Prague has become a center for European space research

Prague has become a center for European space research

According to Raymond Johnston, the Czech Republic has become a key country in the European Union’s growing space research. Since May 12, 2021, the new European Union Agency for the Space Programme (EUSPA) has been based in Prague, the Czech capital. The importance of the new agency will continue to grow as space-related technology increasingly becomes a part of everyday life.

The decision to place the new center in Prague was in part due to the Czech government’s investments into the Czech aerospace sector, which proved the country was ready to become a major player in the high-tech field.

“More and more, our economies, our society, and our safety depend on space. Europe has incredible opportunities ahead that cannot be missed. By creating EUSPA, the European Union will further increase the return on investment made by the EU citizen in the EU Space Programme by strengthening its contribution to the priorities of the Union,” EUSPA Executive Director Rodrigo da Costa said when the agency opened.

“We will achieve this primarily by leveraging synergies between the various programme components, particularly navigation, Earth observation, and secure communications, to drive innovation across a broad range of sectors,” he added.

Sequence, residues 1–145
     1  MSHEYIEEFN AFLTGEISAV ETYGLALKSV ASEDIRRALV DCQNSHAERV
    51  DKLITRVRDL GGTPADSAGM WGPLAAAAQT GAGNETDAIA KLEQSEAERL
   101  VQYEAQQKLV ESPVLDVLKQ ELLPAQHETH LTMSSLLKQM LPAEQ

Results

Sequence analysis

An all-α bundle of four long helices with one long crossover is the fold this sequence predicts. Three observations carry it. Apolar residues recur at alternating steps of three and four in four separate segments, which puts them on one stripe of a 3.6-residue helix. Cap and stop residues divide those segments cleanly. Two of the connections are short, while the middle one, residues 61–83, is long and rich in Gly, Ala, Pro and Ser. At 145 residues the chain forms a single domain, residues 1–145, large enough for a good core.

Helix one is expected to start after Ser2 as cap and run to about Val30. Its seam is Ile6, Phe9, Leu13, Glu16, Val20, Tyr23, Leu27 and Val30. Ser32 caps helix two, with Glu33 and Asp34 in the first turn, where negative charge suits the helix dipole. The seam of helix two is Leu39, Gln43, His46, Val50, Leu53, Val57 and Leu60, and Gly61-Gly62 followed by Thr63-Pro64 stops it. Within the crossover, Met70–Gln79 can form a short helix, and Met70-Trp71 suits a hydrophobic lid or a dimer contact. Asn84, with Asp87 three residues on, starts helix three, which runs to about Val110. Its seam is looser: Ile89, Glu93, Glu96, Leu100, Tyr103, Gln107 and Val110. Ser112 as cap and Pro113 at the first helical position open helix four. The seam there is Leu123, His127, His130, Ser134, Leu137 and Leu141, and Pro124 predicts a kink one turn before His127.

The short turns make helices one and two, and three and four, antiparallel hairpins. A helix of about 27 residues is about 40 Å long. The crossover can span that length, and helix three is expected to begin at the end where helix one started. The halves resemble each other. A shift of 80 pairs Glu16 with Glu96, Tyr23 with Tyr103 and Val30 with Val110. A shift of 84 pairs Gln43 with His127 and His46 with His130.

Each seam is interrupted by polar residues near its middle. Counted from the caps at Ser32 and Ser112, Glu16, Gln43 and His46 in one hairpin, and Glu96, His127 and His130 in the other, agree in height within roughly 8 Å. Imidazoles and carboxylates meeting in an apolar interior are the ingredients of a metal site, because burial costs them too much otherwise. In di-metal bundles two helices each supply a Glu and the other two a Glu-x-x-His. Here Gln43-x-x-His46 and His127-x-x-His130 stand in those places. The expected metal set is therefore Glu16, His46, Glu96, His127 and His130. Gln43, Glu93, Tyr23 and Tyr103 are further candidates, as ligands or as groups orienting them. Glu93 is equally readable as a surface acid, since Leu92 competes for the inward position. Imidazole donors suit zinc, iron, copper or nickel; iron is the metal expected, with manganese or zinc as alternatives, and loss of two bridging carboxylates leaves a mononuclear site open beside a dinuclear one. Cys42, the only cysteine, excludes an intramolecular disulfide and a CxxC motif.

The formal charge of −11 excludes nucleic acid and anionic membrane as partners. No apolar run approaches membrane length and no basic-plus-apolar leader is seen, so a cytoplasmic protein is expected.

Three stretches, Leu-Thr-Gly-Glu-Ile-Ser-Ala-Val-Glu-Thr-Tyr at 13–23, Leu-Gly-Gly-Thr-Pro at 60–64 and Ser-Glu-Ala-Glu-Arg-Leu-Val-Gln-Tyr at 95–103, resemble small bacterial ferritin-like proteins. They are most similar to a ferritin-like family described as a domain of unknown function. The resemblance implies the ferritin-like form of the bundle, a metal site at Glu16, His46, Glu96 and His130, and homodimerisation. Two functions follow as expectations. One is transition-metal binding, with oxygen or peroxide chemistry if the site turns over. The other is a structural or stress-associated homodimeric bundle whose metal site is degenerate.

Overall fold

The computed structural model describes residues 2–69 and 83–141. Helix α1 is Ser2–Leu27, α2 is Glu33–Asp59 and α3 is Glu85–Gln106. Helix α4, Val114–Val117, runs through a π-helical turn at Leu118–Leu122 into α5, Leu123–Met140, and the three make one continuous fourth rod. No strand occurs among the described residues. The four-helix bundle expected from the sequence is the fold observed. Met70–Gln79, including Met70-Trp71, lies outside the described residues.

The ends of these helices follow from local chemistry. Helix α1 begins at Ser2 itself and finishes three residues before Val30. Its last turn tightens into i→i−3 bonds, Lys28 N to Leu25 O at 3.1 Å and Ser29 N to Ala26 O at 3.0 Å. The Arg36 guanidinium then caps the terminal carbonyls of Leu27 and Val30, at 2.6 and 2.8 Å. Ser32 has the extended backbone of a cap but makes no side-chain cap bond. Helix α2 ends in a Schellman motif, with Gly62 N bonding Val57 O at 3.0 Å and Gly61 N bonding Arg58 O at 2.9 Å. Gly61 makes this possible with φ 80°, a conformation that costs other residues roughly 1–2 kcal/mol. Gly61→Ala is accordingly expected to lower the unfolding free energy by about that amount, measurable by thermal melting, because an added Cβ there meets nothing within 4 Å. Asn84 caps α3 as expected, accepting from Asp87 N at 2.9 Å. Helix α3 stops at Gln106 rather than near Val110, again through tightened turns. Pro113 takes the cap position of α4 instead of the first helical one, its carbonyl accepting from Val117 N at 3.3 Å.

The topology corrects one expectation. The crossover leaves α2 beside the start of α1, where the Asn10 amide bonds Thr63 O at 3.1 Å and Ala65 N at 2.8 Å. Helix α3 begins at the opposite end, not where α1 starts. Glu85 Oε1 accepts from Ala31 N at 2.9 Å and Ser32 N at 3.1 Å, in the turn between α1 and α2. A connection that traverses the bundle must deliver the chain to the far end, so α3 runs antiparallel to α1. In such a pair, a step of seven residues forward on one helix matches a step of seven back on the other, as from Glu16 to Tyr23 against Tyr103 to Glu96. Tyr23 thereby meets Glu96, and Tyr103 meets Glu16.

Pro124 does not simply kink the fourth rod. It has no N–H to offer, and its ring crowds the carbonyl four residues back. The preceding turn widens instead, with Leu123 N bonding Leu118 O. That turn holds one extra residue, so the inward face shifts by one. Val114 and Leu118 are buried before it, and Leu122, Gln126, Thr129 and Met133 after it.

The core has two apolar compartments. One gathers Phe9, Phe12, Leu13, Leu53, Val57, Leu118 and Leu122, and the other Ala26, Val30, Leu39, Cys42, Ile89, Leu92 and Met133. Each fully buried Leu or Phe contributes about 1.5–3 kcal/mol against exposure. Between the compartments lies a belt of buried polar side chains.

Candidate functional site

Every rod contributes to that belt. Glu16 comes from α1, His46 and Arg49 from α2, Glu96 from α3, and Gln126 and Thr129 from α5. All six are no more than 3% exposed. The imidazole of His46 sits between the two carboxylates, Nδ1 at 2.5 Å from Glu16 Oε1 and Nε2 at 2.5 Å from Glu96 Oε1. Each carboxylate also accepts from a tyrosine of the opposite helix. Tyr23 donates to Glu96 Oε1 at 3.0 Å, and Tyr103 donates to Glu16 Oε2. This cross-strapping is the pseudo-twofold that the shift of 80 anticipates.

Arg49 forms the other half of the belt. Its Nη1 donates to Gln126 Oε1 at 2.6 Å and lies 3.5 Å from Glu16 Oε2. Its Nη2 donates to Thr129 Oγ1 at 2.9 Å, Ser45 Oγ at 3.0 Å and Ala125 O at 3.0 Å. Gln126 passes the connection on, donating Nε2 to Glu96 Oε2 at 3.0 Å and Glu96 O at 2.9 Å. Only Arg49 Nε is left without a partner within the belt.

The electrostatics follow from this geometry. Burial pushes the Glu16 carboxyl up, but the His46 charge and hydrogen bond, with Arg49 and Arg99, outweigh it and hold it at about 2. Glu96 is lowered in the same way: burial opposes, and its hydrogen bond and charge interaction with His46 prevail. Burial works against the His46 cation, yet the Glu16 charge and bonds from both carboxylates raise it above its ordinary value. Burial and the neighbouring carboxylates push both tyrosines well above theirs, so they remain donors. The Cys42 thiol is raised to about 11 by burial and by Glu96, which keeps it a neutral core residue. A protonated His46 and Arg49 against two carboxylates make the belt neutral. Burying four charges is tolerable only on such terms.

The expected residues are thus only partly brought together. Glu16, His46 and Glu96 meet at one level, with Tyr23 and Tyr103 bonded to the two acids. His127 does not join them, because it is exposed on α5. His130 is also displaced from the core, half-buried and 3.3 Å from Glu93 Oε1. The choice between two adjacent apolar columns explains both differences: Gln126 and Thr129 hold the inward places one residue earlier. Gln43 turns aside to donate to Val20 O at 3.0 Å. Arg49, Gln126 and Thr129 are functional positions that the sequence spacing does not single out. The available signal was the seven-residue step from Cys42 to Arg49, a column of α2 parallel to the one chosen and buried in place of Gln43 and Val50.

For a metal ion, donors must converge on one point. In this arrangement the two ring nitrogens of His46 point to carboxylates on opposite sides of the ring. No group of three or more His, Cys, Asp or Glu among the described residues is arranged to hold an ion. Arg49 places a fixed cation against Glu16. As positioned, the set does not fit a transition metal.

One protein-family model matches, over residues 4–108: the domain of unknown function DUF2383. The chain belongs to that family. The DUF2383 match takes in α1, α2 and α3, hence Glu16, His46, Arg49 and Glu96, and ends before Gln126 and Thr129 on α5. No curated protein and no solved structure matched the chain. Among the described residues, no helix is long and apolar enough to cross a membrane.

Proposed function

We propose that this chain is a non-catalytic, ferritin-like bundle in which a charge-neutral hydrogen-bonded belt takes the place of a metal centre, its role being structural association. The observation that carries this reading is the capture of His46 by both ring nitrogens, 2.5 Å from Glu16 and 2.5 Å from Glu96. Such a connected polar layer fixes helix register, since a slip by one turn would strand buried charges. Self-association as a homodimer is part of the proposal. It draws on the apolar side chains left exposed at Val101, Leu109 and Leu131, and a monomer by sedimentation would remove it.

Entering the space race

Placing the new agency here was not a decision made out of the blue. It was the culmination of years of effort from partners on the Czech side to work with the European Union.

A negotiating team that included Vladimír Remek, the first Czech cosmonaut to go into space helped to bring the European GNSS Agency (GSA) to Prague from Brussels in 2012. The Czech team had to convince France and Britain, then the leaders in space research in the EU, that Prague had suitable facilities as well as promising space projects from Czech companies.

GSA was responsible for overseeing the Galileo navigation satellite system, which was created by the EU with the help of ESA. Galileo competes with America’s GPS, Russia’s Glonass, and China’s Bei Dou navigation systems.

Aerospace and IT boost

EUSPA essentially expands on GSA, so placing it in Prague, where GSA was already located made logical sense. In addition to taking over GSA’s role of managing Galileo and related navigation services, EUSPA also coordinates other satellite systems and related projects. It is responsible for 26 satellites in orbit. Two more will be launched at the end of 2021 and four over the course of next year. Their task will be to improve the Galileo navigation system.

It manages the EGNOS navigation system, used at airports. The system improves the accuracy of existing navigation systems and assists with landings. EGNOS also supports farmers, who can use satellite imagery to check on their crops and adjust the use of fertilizers and chemicals.

EUSPA is now taking over the new European Copernicus project for remote Earth observation. It monitors natural disasters, security crises, and the construction of infrastructure. The agency also newly manages the GOVSATCOM platform intended for secure satellite communication.

EUSPA actively collaborates with all the startups, which it motivates to use the Copernicus, EGNOS, and Galileo systems, so IT sphere in the Czech Republic also received a huge motivation to grow, to learn IT and to use more resources of existing data centers.


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